A lot has been made of the fact that QE3 is open ended. It can go on for as long as our financial stewards deem appropriate. Many have dubbed this QE – infinity, and in the end, maybe that is what we will get as many have questioned whether QE is the right tool to do the job of improving the economy and lowering unemployment. Like the Energizer Bunny, QE will just keep going and going and going.
QE – infinity is the wow factor of last week’s announcement, but it really isn’t anything new. Ever since QE2 came on the radar screen back at Jackson Hole 2010, the Fed has been implementing some sort of liquidity operation nearly 90% of the time. Starting with the expectation of QE2 back in August, 2010, the markets have been focusing on and influenced by QE in some form or another. QE – infinity didn’t start last week. It started in August, 2010, and it has been with us for 97 out of the last 108 weeks. The only difference between last week’s QE3 announcement and the past 2 years is that the Fed is acknowledging that QE will be open ended even though it has been essentially open ended for the past 2 years anyway.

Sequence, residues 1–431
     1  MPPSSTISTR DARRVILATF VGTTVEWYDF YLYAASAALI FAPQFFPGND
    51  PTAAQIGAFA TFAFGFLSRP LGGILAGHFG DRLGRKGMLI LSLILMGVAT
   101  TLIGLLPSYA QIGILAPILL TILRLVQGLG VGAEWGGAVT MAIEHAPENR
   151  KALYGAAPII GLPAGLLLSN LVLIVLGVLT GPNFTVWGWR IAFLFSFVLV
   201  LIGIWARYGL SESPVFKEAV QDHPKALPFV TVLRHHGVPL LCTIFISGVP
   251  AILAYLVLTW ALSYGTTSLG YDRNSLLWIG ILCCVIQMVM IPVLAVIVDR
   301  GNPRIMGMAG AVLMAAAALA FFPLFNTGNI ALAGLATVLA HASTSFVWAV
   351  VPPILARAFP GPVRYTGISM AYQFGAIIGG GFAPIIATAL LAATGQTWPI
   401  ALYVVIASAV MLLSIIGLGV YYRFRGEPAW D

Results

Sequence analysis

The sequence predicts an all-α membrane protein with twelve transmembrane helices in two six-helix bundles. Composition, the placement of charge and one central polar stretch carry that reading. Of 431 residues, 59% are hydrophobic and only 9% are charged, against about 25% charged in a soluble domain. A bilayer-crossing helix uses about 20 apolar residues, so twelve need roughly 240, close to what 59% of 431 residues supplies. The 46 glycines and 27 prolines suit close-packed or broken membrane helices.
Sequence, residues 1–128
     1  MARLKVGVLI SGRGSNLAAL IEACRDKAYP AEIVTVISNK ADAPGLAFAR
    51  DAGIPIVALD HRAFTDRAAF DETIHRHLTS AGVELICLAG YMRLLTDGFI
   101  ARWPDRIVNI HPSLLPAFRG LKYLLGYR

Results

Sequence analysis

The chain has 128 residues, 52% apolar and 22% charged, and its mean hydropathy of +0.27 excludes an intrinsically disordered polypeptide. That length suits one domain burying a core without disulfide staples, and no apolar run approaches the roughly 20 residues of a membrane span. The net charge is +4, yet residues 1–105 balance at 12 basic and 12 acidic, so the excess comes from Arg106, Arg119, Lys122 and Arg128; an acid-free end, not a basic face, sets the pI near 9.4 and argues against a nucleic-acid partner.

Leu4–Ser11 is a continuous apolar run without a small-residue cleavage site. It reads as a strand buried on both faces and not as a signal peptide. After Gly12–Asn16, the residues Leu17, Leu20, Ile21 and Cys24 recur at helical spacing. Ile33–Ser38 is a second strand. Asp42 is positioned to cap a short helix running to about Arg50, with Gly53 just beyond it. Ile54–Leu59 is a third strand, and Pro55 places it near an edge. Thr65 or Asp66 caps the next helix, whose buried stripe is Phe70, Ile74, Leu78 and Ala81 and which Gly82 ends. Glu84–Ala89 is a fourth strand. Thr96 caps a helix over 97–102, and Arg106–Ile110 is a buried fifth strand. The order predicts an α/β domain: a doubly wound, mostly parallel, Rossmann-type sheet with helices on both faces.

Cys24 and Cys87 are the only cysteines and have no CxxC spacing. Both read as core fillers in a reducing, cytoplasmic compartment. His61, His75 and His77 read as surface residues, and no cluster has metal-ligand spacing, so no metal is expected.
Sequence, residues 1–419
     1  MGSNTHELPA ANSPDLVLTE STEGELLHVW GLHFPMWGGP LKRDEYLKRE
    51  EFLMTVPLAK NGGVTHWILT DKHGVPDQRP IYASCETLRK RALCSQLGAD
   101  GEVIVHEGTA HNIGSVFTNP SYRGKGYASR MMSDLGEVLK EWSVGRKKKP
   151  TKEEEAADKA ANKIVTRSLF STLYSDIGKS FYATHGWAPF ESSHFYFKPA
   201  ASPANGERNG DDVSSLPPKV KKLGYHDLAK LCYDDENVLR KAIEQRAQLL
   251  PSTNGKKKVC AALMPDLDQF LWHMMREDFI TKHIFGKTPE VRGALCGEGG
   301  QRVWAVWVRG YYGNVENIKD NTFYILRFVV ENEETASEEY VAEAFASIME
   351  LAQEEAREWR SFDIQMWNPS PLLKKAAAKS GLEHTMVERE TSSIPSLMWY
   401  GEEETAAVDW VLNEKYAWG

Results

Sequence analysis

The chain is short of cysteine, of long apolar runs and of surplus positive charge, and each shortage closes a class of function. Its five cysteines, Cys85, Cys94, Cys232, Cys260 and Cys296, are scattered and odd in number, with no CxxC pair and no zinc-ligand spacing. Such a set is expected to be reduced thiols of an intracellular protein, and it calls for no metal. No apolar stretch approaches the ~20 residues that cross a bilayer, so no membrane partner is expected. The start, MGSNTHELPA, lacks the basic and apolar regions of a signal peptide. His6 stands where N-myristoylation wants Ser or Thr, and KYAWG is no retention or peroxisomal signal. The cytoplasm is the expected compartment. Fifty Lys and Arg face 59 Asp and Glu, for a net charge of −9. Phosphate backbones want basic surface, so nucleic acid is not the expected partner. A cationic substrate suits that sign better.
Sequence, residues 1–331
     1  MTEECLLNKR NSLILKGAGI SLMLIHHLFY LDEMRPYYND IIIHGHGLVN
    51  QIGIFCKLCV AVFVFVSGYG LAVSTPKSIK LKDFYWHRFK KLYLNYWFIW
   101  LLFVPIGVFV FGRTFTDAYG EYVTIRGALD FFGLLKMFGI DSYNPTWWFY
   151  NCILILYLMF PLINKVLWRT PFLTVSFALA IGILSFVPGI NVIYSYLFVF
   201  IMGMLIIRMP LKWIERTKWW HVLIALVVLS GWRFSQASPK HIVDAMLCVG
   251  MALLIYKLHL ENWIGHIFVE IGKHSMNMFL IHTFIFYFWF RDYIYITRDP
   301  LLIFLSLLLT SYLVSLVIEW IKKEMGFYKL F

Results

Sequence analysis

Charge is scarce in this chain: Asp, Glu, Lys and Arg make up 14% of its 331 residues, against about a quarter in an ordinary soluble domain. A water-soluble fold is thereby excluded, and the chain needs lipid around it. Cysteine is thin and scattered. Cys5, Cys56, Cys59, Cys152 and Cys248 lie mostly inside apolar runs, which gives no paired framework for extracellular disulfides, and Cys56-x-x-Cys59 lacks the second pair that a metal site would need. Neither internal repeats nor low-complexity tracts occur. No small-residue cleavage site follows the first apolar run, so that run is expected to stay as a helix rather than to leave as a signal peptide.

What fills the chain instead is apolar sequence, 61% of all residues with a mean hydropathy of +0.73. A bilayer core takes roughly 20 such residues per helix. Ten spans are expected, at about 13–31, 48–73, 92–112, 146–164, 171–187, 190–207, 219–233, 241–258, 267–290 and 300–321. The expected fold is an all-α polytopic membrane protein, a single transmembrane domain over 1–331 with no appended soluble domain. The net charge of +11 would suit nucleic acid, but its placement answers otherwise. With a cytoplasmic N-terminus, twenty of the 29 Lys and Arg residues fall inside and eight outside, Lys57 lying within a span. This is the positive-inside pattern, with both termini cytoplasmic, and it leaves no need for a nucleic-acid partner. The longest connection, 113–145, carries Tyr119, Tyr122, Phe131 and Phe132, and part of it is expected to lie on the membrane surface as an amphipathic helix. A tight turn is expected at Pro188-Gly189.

The next figure is a weekly chart of the SP500. The yellow vertical line is Jackson Hole 2010 when Ben Bernanke hinted at QE2. The green vertical line is the actual FOMC meeting where the Fed announced a $600 billion program to purchase Treasurys. The red line is the completion of that program (QE2) in June, 2011. Then the markets went 11 weeks without any kind of intervention or liquidity operation. Oops! That wasn’t such a good idea. September, 2011 brought us Operation Twist (the dark gray vertical line) and June, 2012 saw the extension of that program (the light gray vertical line). The green vertical line is Jackson Hole 2012. The blue vertical line is the start of QE3.
Figure 1. SP500/ weekly
In essence, we have had QE- infinity for the last 2 years. We just didn’t know it.